That extra heat could also be stored and used to generate revenue beyond electricity sales — say for industrial heating — or the production of hydrogen, which has several industrial applications.
Xcel is participating in an $11 million project, mostly funded by the federal energy department, looking at whether Prairie Island and other U.S. nuclear plants can cost effectively produce hydrogen.
‘Wear and tear’ on equipment
Advanced reactors would have another advantage: Their power levels can be flexed up and down more easily than today’s nuclear fleet. ”They can essentially ramp up as fast if not faster than a gas plant,” said Tim O’Connor, Xcel’s chief generation officer.
Such ramping ability is becoming more important with the surge of wind and solar power. Renewables are dispatched first on the electric grid because they have the lowest fuel cost — zero — in wholesale power markets.
So, coal and nuclear plants must increasingly vary output.
Xcel has shown it can “flex” its three Minnesota nuclear reactors, gradually ramping down output as much as 25% to respond to renewable power flows.
But by lowering output, nuclear plants lose revenue — hence the attraction of other sources of income like hydrogen production.
Flexible nuclear generation “is not outside the design of the reactors,” O’Connor said. Nuclear plants in France have been doing it for years.
Still, Lochbaum said that “flexible operation can increase the wear and tear on equipment.”
Last month, the U.S. Nuclear Regulatory Commission (NRC) found an issue at Prairie Island connected to flexible operation.
The finding was of “very low safety significance.” Still, the deficiency was “more than minor because if left uncorrected it would have the potential to lead to a more significant safety concern,” according to an NRC document.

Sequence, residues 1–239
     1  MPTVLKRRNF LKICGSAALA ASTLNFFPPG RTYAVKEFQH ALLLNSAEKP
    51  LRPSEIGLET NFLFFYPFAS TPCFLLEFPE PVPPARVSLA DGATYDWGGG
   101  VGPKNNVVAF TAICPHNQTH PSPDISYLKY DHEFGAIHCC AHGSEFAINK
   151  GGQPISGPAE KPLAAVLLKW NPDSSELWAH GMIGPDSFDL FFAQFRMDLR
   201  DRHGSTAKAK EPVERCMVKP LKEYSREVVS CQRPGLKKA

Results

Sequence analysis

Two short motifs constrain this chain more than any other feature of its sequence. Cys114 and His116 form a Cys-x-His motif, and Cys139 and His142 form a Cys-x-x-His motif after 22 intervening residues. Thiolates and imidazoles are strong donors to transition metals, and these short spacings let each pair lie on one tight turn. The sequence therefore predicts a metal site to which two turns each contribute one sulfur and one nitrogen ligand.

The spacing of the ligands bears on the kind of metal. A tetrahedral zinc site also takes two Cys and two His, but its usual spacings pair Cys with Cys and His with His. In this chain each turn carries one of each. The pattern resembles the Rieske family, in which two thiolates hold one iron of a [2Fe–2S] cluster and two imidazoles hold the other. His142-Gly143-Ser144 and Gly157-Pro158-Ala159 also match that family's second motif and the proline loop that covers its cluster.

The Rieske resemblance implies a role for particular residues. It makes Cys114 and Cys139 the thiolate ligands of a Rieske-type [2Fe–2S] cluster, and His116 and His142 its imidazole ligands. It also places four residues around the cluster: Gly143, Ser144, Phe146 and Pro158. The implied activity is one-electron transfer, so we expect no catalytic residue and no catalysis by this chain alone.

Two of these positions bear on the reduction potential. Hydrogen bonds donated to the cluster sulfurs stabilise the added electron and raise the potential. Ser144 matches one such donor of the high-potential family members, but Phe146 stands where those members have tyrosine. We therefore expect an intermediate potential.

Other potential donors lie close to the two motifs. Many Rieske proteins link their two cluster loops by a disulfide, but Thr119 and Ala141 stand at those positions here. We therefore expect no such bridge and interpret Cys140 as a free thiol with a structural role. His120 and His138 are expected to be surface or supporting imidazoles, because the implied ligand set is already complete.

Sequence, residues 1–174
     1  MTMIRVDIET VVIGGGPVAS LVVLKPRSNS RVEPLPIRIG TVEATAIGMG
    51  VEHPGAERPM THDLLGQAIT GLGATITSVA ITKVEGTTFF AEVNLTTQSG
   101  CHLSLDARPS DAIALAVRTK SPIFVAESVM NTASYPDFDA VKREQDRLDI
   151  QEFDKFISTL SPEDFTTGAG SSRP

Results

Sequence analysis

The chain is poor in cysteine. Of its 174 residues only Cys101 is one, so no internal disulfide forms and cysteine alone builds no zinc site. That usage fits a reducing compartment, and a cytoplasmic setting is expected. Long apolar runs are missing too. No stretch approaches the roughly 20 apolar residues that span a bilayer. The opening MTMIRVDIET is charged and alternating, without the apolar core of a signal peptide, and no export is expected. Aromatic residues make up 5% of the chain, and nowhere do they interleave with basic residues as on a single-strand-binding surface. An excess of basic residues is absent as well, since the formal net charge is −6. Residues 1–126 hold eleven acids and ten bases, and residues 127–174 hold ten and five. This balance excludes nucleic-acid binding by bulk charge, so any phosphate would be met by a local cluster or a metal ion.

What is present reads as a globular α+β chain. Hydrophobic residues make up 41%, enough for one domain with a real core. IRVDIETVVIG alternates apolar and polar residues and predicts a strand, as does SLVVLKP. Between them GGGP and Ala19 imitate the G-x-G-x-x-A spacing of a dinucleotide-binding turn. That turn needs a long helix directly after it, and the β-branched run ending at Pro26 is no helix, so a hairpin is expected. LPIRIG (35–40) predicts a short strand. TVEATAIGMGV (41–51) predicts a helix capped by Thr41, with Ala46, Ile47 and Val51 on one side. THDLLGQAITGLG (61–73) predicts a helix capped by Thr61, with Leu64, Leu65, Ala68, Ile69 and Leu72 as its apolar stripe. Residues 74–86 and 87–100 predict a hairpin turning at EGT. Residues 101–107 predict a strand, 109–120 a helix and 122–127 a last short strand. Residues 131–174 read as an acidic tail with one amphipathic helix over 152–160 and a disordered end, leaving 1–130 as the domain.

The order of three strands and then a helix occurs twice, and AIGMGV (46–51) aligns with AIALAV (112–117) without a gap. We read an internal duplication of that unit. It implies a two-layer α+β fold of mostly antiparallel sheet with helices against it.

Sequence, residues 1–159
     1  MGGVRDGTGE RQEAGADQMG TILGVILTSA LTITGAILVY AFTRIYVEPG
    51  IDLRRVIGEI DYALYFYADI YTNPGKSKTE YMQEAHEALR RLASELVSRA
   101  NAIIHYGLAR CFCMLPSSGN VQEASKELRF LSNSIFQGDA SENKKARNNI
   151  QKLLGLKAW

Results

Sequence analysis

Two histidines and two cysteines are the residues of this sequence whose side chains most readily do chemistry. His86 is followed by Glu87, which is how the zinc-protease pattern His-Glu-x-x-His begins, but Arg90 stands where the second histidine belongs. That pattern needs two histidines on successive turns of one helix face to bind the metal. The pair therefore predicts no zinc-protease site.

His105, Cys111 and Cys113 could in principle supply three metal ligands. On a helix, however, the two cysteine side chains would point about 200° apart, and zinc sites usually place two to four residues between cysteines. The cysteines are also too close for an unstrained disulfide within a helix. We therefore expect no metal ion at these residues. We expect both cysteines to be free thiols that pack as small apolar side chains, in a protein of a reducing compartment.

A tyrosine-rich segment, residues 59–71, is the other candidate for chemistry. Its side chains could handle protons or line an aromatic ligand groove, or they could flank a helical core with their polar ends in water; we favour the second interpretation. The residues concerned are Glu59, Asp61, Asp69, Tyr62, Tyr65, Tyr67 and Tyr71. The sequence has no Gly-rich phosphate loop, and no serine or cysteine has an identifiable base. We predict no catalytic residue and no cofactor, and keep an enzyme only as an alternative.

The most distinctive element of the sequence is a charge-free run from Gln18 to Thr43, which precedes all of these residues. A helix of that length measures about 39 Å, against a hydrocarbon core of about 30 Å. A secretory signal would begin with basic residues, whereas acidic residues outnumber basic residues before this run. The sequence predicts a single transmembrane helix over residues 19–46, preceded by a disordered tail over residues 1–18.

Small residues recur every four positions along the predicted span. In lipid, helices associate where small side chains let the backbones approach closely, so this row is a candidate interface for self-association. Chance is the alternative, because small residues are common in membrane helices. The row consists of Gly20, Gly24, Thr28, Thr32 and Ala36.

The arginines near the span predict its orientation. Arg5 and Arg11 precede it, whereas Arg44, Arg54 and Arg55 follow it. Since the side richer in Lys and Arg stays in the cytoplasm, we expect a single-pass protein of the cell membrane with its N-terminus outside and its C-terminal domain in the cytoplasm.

Essentially, Xcel’s procedures didn’t fully account for potential ramping-related wear on the control rods at one of Prairie Island’s reactors, the NRC concluded. (Control rods moderate the rate of a nuclear reaction, allowing power to be lowered or stopped.) The company promptly fixed the issue.
Xcel’s nuclear plants at Monticello and Prairie Island near Red Wing are critical for their low-carbon energy plans. With nuclear and renewables, Xcel expects to be generating 71% carbon-free power by 2030. (A downward revision from its original goal of 80%.)
Xcel is seeking to extend Monticello’s life — its current federal license expires in 2030 — by at least 10 years.
Xcel’s projections for the lowest-cost, long-term power would entail also extending Prairie Island’s life, the company said in filings with the Minnesota Public Utilities Commission (PUC). Licenses for Prairie Island’s two reactors expire in 2033 and 2034.
But the nation’s lack of long-term storage for spent fuel particularly looms over any extension at Prairie Island. That’s because it’s next-door to the Prairie Island Indian Community — the closest U.S. community to a nuclear plant and its on-site waste casks.
The federal government’s decades-old plan to build a permanent U.S. nuclear waste repository in Nevada is comatose. However, two plans for “interim” waste-storage facilities in New Mexico and Texas are progressing through the NRC’s regulatory process.
Spent fuel currently stored at Prairie Island and other U.S. power plants could be transported to those storage sites if they get approval.
In 2019, informal sessions were held at the Prairie Island plant on transporting spent nuclear fuel to such interim storage sites.
The sessions were organized by the Nuclear Energy Institute, a trade group; Xcel was a major sponsor and participant.
Shelley Buck, president of the Prairie Island Indian Community, attended and addressed the gathering.
Buck said in a statement that for the tribe, it’s critical that the federal government solve the waste issue. She said the tribe will address the re-licensing of Prairie Island when and if it becomes an issue.
“Like Xcel, we continue to have concerns with the long-term storage of nuclear waste on Prairie Island,” she said.
Fowke said he expects that Xcel will eventually look to extend Prairie Island’s licenses. “But we haven’t crossed that bridge. We certainly recognize the issues the community has.”